Democratic New York Gov. Andrew Cuomo is facing heightened scrutiny following revelations that his office withheld the extent of the COVID-19 death toll among the state’s nursing home patients.
“Always publicly and accurately reported”
Though he did not offer an apology, he acknowledged during a press conference on Monday that his office should have done better in “providing more information” to the public related to the nursing home scandal.
The governor spent much of the press conference blaming the Trump administration for supposedly exacerbating the situation in his state.
Cuomo’s highly anticipated remarks were his first since reports that his aide, Melissa DeRosa, revealed in her phone conference that the Cuomo administration was less than forthcoming in revealing an accurate number in the state’s nursing home death tally.
Instead of taking full responsibility, the governor’s long-winded explanation included an assertion that “all the deaths in the nursing homes and in the hospitals were always publicly and accurately reported.”
That statement seems to fly in the face of New York Attorney General Letitia James’ recent report showing that nursing home deaths had been underreported by up to 50%.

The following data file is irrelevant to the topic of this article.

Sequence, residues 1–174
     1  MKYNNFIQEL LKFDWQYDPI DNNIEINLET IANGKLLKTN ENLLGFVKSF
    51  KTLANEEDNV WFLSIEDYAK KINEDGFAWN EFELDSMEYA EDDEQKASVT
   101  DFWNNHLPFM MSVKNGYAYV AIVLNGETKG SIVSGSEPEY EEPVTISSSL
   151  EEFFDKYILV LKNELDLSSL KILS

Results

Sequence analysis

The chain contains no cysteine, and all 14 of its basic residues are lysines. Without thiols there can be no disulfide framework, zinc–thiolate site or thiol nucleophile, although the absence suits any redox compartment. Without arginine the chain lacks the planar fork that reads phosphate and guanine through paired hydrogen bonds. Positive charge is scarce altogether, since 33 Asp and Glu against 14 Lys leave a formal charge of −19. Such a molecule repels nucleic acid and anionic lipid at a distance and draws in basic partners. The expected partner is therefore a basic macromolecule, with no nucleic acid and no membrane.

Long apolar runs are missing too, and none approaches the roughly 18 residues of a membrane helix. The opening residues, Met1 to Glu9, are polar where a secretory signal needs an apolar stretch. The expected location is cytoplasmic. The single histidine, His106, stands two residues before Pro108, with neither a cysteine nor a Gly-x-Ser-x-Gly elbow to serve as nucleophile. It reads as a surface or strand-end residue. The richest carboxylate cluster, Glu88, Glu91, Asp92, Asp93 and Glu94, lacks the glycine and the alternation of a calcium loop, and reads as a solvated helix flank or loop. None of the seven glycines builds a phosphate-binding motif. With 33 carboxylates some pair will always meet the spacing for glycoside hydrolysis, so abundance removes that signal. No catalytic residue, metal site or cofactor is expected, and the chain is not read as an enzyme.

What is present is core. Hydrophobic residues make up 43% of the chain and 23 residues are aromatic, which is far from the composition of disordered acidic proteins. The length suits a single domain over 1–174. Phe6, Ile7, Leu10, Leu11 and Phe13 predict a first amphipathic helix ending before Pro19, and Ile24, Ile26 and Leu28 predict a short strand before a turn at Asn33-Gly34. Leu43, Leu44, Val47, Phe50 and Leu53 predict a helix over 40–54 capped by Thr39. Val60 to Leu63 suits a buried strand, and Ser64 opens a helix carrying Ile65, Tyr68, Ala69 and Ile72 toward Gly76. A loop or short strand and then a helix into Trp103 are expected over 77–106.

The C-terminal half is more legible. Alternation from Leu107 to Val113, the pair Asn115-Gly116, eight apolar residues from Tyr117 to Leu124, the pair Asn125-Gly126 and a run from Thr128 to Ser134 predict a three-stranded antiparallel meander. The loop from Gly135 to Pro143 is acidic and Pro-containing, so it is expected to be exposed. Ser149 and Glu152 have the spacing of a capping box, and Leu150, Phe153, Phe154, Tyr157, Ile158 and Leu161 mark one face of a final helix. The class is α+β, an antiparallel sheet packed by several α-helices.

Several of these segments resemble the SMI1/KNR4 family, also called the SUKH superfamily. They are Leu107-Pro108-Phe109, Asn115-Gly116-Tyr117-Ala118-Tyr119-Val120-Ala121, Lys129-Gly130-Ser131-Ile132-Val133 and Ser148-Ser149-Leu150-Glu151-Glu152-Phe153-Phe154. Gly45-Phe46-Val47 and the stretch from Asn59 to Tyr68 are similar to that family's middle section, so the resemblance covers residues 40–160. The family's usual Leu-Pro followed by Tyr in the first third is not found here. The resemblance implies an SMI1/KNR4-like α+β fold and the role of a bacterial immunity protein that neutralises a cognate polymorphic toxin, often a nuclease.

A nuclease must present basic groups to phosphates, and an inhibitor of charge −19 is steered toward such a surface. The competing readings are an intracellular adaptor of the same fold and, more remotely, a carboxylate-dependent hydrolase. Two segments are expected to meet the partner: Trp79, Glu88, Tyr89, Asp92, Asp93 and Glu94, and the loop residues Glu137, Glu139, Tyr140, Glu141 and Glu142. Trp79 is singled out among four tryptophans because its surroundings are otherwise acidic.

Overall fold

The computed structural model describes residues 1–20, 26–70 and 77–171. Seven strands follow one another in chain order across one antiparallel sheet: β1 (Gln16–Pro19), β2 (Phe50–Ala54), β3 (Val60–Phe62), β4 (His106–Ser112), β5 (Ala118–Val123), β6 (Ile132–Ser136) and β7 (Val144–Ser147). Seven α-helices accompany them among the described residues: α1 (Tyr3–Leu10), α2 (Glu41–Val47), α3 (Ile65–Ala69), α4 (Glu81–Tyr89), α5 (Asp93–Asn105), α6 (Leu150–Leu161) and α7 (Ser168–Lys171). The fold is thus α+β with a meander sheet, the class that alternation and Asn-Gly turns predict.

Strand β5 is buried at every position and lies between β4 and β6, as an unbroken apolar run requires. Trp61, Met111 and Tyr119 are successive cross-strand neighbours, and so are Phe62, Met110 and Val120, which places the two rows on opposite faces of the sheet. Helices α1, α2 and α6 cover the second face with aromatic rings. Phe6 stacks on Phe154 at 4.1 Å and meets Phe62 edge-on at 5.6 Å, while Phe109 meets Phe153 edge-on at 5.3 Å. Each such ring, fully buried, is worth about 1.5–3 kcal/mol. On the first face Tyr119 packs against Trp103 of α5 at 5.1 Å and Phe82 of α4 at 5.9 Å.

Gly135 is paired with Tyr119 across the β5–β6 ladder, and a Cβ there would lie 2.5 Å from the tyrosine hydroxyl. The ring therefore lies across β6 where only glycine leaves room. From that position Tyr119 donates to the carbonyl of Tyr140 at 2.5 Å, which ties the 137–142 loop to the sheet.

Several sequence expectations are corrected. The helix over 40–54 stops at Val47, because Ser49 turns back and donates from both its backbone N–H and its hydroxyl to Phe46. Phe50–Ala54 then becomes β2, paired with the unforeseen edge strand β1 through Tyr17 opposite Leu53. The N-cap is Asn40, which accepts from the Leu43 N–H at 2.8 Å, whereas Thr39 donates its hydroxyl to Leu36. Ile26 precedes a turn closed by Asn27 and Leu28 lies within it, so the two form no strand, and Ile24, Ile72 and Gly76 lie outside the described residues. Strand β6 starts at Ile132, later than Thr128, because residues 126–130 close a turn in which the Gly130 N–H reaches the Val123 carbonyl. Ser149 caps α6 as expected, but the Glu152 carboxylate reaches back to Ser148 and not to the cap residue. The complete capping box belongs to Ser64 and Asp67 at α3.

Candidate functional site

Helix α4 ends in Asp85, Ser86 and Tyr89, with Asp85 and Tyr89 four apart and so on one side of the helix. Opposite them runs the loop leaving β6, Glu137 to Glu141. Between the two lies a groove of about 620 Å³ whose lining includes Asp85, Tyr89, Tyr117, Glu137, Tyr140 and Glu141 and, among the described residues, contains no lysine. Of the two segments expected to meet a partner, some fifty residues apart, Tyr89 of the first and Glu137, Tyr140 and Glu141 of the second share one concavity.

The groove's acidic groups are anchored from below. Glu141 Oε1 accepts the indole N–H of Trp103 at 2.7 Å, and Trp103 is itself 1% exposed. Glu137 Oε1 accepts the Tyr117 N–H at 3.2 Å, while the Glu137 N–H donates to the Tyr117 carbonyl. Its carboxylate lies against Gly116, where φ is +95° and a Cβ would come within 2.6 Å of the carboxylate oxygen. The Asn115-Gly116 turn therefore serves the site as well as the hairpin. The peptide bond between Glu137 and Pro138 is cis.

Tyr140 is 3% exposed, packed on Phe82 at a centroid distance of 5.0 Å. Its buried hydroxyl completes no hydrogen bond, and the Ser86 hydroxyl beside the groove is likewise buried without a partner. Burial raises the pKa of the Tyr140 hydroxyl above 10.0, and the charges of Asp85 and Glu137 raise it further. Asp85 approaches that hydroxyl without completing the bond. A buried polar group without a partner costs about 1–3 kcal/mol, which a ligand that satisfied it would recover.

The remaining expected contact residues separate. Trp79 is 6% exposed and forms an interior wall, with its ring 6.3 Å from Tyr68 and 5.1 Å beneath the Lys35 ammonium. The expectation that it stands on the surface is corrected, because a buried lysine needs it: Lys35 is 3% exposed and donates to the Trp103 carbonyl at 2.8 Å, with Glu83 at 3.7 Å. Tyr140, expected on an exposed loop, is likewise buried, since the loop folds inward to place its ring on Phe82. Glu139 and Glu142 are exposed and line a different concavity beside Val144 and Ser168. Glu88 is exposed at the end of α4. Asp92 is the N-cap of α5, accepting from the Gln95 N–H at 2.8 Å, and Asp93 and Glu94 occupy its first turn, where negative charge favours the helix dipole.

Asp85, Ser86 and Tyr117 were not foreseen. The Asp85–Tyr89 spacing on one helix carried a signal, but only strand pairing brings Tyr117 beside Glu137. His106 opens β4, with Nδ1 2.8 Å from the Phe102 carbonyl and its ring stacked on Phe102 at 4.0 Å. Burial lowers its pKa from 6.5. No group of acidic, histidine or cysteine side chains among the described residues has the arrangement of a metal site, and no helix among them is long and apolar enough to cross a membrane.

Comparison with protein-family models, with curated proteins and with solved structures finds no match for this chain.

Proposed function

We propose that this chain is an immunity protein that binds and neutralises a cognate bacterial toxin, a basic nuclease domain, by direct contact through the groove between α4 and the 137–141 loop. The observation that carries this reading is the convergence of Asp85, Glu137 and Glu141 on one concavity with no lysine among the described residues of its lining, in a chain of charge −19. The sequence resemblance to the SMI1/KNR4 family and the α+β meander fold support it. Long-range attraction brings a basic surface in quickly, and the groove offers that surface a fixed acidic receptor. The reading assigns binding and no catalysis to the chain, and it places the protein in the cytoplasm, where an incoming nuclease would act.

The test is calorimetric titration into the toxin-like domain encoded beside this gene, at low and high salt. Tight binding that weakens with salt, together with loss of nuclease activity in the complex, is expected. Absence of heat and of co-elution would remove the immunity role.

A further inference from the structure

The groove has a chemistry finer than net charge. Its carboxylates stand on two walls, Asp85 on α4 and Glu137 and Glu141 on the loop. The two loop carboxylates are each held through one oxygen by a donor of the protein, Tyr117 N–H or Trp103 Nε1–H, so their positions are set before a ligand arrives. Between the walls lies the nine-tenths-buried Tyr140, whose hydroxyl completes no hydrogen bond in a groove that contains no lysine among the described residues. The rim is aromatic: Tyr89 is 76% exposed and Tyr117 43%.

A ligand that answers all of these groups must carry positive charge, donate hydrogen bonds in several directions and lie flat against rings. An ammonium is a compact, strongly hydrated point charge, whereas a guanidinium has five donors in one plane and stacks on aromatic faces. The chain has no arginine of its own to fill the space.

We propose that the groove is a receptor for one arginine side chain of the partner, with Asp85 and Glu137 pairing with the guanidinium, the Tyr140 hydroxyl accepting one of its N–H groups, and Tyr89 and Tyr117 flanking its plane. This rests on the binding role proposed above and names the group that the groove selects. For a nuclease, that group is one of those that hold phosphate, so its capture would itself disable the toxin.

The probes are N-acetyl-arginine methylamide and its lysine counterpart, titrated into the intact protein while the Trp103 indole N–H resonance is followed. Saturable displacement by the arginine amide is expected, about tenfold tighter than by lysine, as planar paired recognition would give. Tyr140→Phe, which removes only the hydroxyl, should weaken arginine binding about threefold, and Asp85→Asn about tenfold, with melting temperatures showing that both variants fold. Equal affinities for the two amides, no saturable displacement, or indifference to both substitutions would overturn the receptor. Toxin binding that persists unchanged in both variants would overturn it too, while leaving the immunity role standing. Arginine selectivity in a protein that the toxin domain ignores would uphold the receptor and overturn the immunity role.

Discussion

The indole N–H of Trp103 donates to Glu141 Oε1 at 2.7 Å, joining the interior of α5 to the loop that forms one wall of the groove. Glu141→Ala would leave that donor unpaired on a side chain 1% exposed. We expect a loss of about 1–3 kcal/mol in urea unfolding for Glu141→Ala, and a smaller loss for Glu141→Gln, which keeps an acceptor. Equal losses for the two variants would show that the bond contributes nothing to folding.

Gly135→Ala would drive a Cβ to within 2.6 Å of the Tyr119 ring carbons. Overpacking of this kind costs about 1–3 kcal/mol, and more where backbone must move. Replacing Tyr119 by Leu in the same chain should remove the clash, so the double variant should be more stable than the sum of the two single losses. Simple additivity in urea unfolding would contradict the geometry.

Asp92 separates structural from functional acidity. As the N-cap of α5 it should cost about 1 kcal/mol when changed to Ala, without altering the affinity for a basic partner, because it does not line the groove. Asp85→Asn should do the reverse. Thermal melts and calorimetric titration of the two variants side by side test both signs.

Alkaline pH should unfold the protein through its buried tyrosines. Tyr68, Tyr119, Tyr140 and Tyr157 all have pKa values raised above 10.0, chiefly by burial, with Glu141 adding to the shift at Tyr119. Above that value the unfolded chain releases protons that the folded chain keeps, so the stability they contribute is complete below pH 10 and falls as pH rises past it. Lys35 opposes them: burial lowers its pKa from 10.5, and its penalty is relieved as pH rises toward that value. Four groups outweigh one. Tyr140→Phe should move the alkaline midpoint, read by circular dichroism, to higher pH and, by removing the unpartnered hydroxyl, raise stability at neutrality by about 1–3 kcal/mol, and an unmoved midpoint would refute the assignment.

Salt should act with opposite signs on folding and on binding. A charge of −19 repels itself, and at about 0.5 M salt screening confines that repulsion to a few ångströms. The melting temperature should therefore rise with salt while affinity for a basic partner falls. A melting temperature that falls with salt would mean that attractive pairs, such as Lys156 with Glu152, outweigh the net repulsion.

“Maybe there was a government issue”
Nevertheless, Cuomo attempted to blame former President Donald Trump for stoking a “toxic political environment” and ultimately leading to the state’s mismanagement of information pertaining to the death toll.
“I was critical of President Trump, I also worked with President Trump,” Cuomo claimed. “I get how strong the feelings are on both sides. But when you’re talking about loved ones dying in nursing homes, when you come up with conspiracy theories or this disinformation, then the worst thing you can say to somebody who lost a loved one is maybe it didn’t have to be, maybe there was a government issue.”
He further focused on what he dubbed a “void” in the information process, which he contended had been filled in by false allegations and conspiracy theories.
“Now, we created the void,” Cuomo said. “I agree to that. Or, and or we didn’t constantly fight back every rumor or every piece of disinformation.”
Addressing calls for a mea culpa, Cuomo concluded: “Apologize? Look, I have said repeatedly, we made a mistake in creating the void. When we didn’t provide information, it allowed press, people, cynics, politicians to fill the void.”